How to use stakeholder theory to develop better business goals

Asset management can be a difficult and very important consideration for a young startup. Many startups operate on limited budgets. And, on top of that, they have to balance the expectations of investors, employees and sometimes even the community. Many startups are built from brilliant ideas and perfect niches in the market, but are liable to flounder and self-destruct when it comes to organizational management.

Organizational management closes communication, Goal-setting, and strategic planning. Taking steps to plan and strategize presupposes that you already have a managerial orientation that you want to take. This means you have already evaluated the elements of your decision and you are ready Start taking steps towards your goals. For those who could use a little more guidance in planning and organizing business goals, an overarching theory of business ethics can help get you on track.

One such theory of business ethics is stakeholder theory. Stakeholder theory has undergone development over the past thirty years, and is commonly used by large businesses and startups undergoing significant growth. Corporate growth, including globalization, runs the risk of placing a company in a contested position, and stakeholder theory helps provide a framework for responsible business practices.

Stakeholder theory helps businesses develop goals that maximize value to everyone involved in the company’s policies. This theory operates under the belief that business decisions not only affect management, executives, and shareholders, but they also affect employees, consumers, suppliers, community members, and even governments.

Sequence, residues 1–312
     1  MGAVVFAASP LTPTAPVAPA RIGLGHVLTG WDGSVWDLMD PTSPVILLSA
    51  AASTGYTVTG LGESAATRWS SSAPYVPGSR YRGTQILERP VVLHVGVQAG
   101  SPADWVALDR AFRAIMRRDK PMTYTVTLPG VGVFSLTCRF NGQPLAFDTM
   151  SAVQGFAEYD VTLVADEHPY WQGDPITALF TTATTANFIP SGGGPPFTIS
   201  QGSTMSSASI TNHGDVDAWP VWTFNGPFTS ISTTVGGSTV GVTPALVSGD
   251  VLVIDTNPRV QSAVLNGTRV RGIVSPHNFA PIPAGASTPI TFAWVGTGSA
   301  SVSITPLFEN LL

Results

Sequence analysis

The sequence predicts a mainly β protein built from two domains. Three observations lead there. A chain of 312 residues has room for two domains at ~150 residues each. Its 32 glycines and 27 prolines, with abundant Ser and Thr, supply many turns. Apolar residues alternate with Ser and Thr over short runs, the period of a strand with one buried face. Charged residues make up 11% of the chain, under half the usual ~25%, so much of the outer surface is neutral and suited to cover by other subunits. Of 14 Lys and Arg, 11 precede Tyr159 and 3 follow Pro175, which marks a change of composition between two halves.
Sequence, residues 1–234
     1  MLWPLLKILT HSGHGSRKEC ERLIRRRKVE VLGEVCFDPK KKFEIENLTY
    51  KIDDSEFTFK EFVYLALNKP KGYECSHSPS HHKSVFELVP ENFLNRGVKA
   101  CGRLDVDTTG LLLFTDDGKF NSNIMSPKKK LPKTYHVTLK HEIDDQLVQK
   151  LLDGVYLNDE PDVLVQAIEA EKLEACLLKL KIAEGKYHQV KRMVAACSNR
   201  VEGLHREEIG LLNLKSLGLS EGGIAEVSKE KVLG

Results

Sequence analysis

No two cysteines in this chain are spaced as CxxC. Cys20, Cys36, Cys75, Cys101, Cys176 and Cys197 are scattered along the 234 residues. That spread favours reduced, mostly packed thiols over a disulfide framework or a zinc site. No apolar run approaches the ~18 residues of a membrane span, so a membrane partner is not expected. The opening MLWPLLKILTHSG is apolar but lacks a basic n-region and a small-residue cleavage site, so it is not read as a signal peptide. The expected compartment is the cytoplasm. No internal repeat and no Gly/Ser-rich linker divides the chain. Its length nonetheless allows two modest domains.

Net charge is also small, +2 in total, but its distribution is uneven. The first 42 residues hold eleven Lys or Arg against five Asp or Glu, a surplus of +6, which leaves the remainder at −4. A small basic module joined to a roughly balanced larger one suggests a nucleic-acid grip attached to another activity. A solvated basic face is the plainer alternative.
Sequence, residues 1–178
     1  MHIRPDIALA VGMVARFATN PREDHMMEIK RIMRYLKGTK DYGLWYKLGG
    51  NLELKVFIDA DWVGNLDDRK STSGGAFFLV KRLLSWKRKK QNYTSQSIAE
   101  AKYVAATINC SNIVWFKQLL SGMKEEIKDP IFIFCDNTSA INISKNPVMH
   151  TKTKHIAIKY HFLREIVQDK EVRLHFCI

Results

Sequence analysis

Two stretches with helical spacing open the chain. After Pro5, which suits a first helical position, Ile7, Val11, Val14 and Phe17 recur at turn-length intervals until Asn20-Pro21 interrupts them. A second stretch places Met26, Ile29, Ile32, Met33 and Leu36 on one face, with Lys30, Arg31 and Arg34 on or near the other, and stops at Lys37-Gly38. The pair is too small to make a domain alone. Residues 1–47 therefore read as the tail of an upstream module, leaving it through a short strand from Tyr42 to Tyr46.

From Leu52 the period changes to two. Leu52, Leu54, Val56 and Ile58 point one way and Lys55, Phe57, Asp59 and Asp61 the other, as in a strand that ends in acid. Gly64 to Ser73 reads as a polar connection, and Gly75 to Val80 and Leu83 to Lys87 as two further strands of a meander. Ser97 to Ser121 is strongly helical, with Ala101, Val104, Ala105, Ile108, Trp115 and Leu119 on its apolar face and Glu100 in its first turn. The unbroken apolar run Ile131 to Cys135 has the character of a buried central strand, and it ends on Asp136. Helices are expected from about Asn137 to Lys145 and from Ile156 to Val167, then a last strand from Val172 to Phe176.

Who does it affect? And how?


Stakeholder theory emphasizes the competitive advantage of appealing to multiple stakeholders in the corporate decision-making process. Consumers make up a large portion of a company’s stakeholders.

Company policies not only provide financial value to consumers. It can also represent values ​​that its consumer stakeholders can feel passionately about. In some cases, it may be Environmental Capacity, in other cases it could be equal wages for workers or local supply chains. While consumer considerations can be expensive for the average startup, it can cause big problems to ignore them. The less consumer support you have, the less likely your startup will make it beyond the ground level.


A startup’s employees are its most important asset. Employees generate ideas, solve their problems across bumps in the road, and provide the backbone for good company culture.

Startups ask a lot of people they hire. They ask employees to take a leap of faith in an unexpected or relatively new brand, and they want great talent and strong commitment when they do it.

In general, workers want fair compensation and treatment, and they want to work reasonable hours. Ignoring these factors can be negative Company culture and high turnover rates.


A company’s community can refer to the neighborhoods it operates in, the markets it sells to, as well as the role it plays in development and other environmental concerns. For some businesses, this will bring in neighbors, local governments and even competing businesses. Other businesses may consider future generations and long-term communities as their stakeholders. Community stakeholder groups also focus on global business, global supply chains and sustainable ethics.

These may seem like far-fetched considerations for an early startup, but in many cases community stakeholders can help determine a startup’s success by providing much-needed support.

How can stakeholders help you manage your business?

For businesses to grow rapidly, stakeholder theory can help you define your position on critical points. A company’s ethical code, in part, determines who will work with them, who will work for them, and who will help them by investing or spending.